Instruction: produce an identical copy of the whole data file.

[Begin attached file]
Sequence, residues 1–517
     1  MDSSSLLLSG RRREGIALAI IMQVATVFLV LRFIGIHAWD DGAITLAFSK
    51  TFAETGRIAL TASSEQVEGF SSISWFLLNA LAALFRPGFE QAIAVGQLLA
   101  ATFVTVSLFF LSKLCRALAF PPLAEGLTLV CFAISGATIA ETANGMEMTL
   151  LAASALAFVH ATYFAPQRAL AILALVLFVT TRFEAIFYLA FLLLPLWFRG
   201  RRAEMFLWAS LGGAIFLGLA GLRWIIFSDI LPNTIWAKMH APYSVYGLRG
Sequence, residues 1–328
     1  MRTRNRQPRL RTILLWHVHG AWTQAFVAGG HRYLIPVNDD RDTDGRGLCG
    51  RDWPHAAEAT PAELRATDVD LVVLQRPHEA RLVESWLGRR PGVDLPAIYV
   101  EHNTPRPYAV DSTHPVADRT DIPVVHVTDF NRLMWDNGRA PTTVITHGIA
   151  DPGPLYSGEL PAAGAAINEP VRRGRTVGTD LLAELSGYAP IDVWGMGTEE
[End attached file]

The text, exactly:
Sequence, residues 1–517
     1  MDSSSLLLSG RRREGIALAI IMQVATVFLV LRFIGIHAWD DGAITLAFSK
    51  TFAETGRIAL TASSEQVEGF SSISWFLLNA LAALFRPGFE QAIAVGQLLA
   101  ATFVTVSLFF LSKLCRALAF PPLAEGLTLV CFAISGATIA ETANGMEMTL
   151  LAASALAFVH ATYFAPQRAL AILALVLFVT TRFEAIFYLA FLLLPLWFRG
   201  RRAEMFLWAS LGGAIFLGLA GLRWIIFSDI LPNTIWAKMH APYSVYGLRG
Sequence, residues 1–328
     1  MRTRNRQPRL RTILLWHVHG AWTQAFVAGG HRYLIPVNDD RDTDGRGLCG
    51  RDWPHAAEAT PAELRATDVD LVVLQRPHEA RLVESWLGRR PGVDLPAIYV
   101  EHNTPRPYAV DSTHPVADRT DIPVVHVTDF NRLMWDNGRA PTTVITHGIA
   151  DPGPLYSGEL PAAGAAINEP VRRGRTVGTD LLAELSGYAP IDVWGMGTEE